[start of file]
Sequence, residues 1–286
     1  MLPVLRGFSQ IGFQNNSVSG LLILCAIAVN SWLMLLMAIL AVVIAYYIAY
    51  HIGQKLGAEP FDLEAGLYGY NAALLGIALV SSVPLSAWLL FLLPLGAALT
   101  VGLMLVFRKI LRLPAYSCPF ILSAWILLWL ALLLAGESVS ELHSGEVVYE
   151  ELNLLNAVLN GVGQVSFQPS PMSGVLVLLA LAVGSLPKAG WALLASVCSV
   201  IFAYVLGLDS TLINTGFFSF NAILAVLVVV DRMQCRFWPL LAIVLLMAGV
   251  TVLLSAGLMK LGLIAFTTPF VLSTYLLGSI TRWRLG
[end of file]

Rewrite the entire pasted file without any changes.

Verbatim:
Sequence, residues 1–286
     1  MLPVLRGFSQ IGFQNNSVSG LLILCAIAVN SWLMLLMAIL AVVIAYYIAY
    51  HIGQKLGAEP FDLEAGLYGY NAALLGIALV SSVPLSAWLL FLLPLGAALT
   101  VGLMLVFRKI LRLPAYSCPF ILSAWILLWL ALLLAGESVS ELHSGEVVYE
   151  ELNLLNAVLN GVGQVSFQPS PMSGVLVLLA LAVGSLPKAG WALLASVCSV
   201  IFAYVLGLDS TLINTGFFSF NAILAVLVVV DRMQCRFWPL LAIVLLMAGV
   251  TVLLSAGLMK LGLIAFTTPF VLSTYLLGSI TRWRLG